standards of ability in expression as well as to standards of
attainment in the mastery of certain scientific information. This
cooperation has been carried out to great mutual benefit in some
schools. These illustrations are sufficient to illustrate, though the
teacher should not overlook any department of the school.

Relations to class and to individual will be considered in conjunction
with teaching methods.

The values and interrelations of biology have been discussed at some
length because they must serve as criteria in deciding what
constitutes adequate preparation.

The comprehensiveness and vital nature of the subject, biology,
present at once an inspiration and an element of fear to the
conscientious teacher. They cause him to regard in utter amazement,
the applicant for a position who in answer to question replies "No, I
have never taken any courses in biological Science, but I can easily
prepare myself to teach it, if need be." The impossibility of such
impromptu development of skill in the teaching of biology will become
more apparent as we proceed.

Besides a full appreciation of the aims and relations of the subject,
the teacher must be able to construct a course especially adapted in
content to the peculiar needs of the particular community. This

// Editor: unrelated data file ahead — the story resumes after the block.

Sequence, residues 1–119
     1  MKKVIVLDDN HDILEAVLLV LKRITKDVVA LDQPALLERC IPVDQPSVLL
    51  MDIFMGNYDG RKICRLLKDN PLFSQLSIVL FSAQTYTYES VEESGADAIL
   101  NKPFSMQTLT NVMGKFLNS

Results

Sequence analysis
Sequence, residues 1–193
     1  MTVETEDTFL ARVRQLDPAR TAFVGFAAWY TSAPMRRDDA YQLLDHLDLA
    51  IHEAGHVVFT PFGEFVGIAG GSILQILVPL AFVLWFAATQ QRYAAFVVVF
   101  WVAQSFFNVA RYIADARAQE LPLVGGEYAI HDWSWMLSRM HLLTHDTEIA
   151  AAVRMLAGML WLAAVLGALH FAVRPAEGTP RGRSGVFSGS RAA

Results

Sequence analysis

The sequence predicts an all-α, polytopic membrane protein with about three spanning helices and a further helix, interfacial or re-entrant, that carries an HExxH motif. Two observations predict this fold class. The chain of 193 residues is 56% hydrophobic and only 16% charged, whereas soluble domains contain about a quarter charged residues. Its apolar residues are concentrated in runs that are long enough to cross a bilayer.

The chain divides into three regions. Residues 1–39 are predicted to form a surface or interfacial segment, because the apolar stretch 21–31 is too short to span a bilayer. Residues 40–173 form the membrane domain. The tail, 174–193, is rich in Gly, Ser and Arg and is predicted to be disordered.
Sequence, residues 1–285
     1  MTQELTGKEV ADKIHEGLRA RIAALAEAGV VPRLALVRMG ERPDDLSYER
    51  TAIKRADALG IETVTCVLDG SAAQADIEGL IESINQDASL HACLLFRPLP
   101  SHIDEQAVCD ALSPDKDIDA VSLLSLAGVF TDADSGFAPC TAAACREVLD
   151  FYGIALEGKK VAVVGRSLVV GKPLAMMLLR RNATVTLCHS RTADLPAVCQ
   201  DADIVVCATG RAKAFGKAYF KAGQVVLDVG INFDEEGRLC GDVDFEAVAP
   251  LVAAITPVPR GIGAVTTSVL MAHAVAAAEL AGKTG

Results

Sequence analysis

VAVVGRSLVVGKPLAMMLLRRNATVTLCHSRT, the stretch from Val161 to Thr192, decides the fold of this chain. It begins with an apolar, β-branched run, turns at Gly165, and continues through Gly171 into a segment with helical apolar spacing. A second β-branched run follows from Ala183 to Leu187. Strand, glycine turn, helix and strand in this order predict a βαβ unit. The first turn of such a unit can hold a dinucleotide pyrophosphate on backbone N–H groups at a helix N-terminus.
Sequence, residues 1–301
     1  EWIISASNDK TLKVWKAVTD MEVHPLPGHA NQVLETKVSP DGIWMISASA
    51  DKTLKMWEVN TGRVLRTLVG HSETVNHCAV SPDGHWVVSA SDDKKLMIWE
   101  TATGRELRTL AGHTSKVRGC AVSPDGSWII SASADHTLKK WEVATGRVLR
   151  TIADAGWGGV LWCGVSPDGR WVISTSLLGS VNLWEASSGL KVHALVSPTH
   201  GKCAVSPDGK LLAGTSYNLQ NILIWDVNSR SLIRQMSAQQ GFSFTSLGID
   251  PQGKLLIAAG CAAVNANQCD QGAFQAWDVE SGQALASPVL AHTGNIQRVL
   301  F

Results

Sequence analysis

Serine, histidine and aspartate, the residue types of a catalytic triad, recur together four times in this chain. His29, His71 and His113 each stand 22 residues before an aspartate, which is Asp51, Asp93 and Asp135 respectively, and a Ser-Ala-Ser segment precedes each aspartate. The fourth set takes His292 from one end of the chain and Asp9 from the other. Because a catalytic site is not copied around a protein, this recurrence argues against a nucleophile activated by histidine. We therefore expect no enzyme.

follows from what was said of relations in a previous paragraph. The
development of such a course demands sufficient knowledge of economics
and sociology to make possible a correct analysis of local conditions
and so find what is required. The course to fulfill the requirements
will necessarily be to some extent new, and just to such extent may
the teacher feel something of the inspiration of the pioneer. Relative
values must be established; emphasis must be properly placed--life of
distant regions should not be taught except as local material may not
be available to illustrate some very essential point, yet too often a
carefully pickled grasshopper is transported from Florida to
California, there to be dissected by some unfortunate high school lad.
Not only must the larger divisions of the course be carefully balanced
and tested for value, but each lesson must justify its induction into
it. It is at this point that the relation to the individual is the
chief criterion.

Each lesson of the series that makes up the course must justify its
place by having some rather direct bearing upon the life of the
individual pupil. The core of the lesson must be either the pupils
problem or one in which his interest can be readily stimulated. Herein
is the value of the project method of science teaching, the problem is
sure to be of interest to the pupil since he himself chooses it. Other
questions to which the lesson must give satisfactory answer are; Why
this particular lesson, at all? What relation does it bear to the
preceding and following lessons? Is it of real value to the pupil in
his living? What biological phenomenon does it teach? Is it the best
problem to illustrate that particular phenomenon? What generalizations
and practical applications can the _pupil_ make?

The organization of a course in biology which is fitted to the needs
of a certain community, the conditions of a particular class of
pupils, and to the needs of the individual pupils so far as possible,
requires that the teacher have an extensive knowledge of the subject
matter as a background freeing him from the necessity of dependence on